||Line. [As of 2005 called Using Leading Lines]. Clarity of line is so valued in the picturesque that one can hardly read a text that does not mention it. Clear lines belie the abstract and geometric construction of sight. For Descartes, corporeal bodies are objects with extension but bereft of secondary qualities we impose upon them. The eye presents to the mind objects with both primary and secondary qualities. But the mind with its "innate geometry" transforms optical perception into clear and distinct ideas (Optics 67). Coinciding with Cartesian optics is the birth of linear perspective. Prior to the Renaissance, painting concerns itself with individual objects, but the space which they inhabit fails to embrace or dissolve the differences in scale and position between bodies. Space acts as a simple superposition, a still unsystematic overlapping. With linear perspective comes an abstract spatial system capable of ordering objects as geometric points along a grid. Making the space of nature correspond to the space of geometry, both Gilpin and Kodak favor abstract spatial configurations. Consider Gilpin's geometry: "A little north of Brugh, the ground on the left, makes a singular appearance. A hill, on which a fair is held forms an exact, semi-circular convex. Scarce a knoll, or a bush break the regularity of the line. . . . Perhaps no disposition of ground was ever more totally unpicturesque; and yet even this if it be only bisected, and in a small degree adorned, is not wholly disagreeable" (Gilpin Guide 2.170-71, emphasis mine). Likewise, for Kodak the trained eye is one that can find clear, clean lines: "You can help yourself develop an artistic eye by studying pictures to find the strength of their lines, geometric shapes, and balance." Murky lines find disfavor in the picturesque most essentially because such vagueness disturbs clear and distinct ideas about what constitutes an object. While objects should harmonize and colors may blend, objects themselves should not merge into other objects in the landscape such that their identities become questionable. Gilpin's system of classifying bodies of water (lakes, pools, and tarns), elevations, and even picturesque animals (the cow rather than the horse and preferably in spring rather than summer) depends on the ability clearly to distinguish elements in the landscape. The ability to name and categorize objects marks the taste and sensitivity of the observer.
||Winners. [As of 2005 this category of the Kodak gallery has been eliminated. Either there are no winner or we are all winners or perhaps the criteria for winning is too variable to determine.] Kodak's gallery of exemplary photos announces, "Here's another winner. Why? Well because it's an extremely interesting picture that makes good visual sense, and that's just as important as our list of guidelines." Developing a "good visual sense" works much like developing taste in the aesthetics of the picturesque. One becomes indoctrinated by seeing masters at work, by studying scenes, and by travel to picturesque sites. Developing the habit of a "good eye" means training the physical eye and the mental construction of space to meet the strictures placed upon vision by optics that complement the picturesque and the Kodak moment. Finally, bending the rules becomes part of the rules as well. So as not to appear too much like a scientific treatise, the interplay between reason and the imagination should allow for some moments of "inspiration": "So study the photographs you especially like. Do they follow the guidelines we've mentioned? Do they bend the rules and exercise what might be called creative license? As you search for these answers, you'll start to develop a photographic eye of your own. Have fun!" [As of 2005 "fun" is eliminated from the rules of photography as an overly complex Althussarian hailing of the photographer.]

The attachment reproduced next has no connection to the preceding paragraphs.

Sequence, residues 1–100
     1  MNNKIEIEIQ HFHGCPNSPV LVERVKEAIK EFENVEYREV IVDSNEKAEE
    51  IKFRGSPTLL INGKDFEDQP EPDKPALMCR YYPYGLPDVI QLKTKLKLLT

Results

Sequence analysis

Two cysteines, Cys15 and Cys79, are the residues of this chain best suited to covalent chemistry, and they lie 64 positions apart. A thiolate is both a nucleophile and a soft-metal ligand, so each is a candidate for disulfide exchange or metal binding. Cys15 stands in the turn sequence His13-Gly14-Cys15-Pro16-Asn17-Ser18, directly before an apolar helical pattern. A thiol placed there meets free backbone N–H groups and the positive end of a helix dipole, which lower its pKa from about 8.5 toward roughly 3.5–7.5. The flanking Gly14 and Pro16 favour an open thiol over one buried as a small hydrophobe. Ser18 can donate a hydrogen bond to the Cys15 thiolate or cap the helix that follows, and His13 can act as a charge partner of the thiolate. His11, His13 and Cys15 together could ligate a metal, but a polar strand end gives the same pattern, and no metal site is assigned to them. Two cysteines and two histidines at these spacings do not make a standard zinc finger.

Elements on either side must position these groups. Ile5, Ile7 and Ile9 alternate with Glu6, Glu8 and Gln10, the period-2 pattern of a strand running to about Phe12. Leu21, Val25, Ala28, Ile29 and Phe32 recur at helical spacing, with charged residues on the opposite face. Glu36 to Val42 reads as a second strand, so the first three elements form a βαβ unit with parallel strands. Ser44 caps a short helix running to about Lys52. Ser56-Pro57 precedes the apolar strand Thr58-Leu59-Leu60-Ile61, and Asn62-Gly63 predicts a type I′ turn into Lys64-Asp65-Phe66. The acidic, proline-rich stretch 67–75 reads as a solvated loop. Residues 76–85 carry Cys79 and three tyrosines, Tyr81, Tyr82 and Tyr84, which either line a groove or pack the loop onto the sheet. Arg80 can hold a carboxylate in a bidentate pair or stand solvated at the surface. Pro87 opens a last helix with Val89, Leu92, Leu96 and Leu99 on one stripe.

||Peter Galassi considers the history of linear perspective in art according to two dominant styles. From the Renaissance to the early 1800s "the point of view and the frame—the visual pyramid—are established first, creating a measured stage" while from the early 1800s onward "the world is accepted first as an uninterrupted field of potential pictures. From his chosen point of view the artist scans this field with the pyramid of vision, forming his picture by choosing where and when to stop." (Galassi 16). In the earlier style, disparate objects are brought together and synthesized as a whole on a canvas that serves as a universal and stable "measured stage." The later style considers the world to be a three dimensional setting from which artists chose a particular point of view to render only a small part of the whole set of possible scenes. The result is immediate, discontinuous, and unexpected forms. According to Galassi, photography comes into being as painting moves from the canvas as a synthasizing whole to the canvas as analyzing a part of a much larger scene. For Galassi, the immediacy, discontinuity, and intimacy of candid photos corresponds to landscape sketches of small, simple scenes such as John Linnell's rustic cottages as opposed to the "measured stage" of Claude's or Poussin's landscapes. Kodak's web site suggests "keep folks busy" [now called Directing] to provide candid shots and shoot close to the subject to provide intimacy. Despite these exceptions, most of Kodak's rules correspond to the painterly canvas as a synthesizing whole. Kodak wants pictures that represent a unified and architecturally balanced field as do many of the writers on landscape aesthetics during the Romantic period.
||It is worth exploring what is lost by the "measured stage." Those photos and landscapes that render only bits and pieces of the whole scene still utilize Cartesian perspective, but they do so with more awareness of the contingency and subjective experience of seeing. Ultimately, only by a loss of sight as the primary sense and figure for knowing can we hope to gain what Merleau-Ponty refers to as the felt relatedness of experience. Ponty rejects the Cartesian empiricist construction of vision as a camera obscura: "We have to reject the age-old assumptions that put the body in the world and the seer in the body" (Visible 138). In its place, he suggests we consider how experience comes to us all at once before experience is "worked over" by differentiation among the senses and even before subject-object distinctions. Ponty's representation of space accords with Wordsworth's spots of time where the patterns of the picturesque give way to a transformation in the poet's relation to the landscape. The tension between representation by rules of the picturesque and a rebellion against the "tyranny of the eye" both evident in Wordsworth's work is likewise part of our own frustration with the position we occupy as subjects under a pervasive scopic regime. The challenge is to find other ways to produce "the spontaneous organization of things we perceive" (Sense and Nonsense 13). I hope that as students play with forms of represention, they will gain a better sense of what is at stake as they take their experience of a particular place and transform it into a landscape to be viewed by others.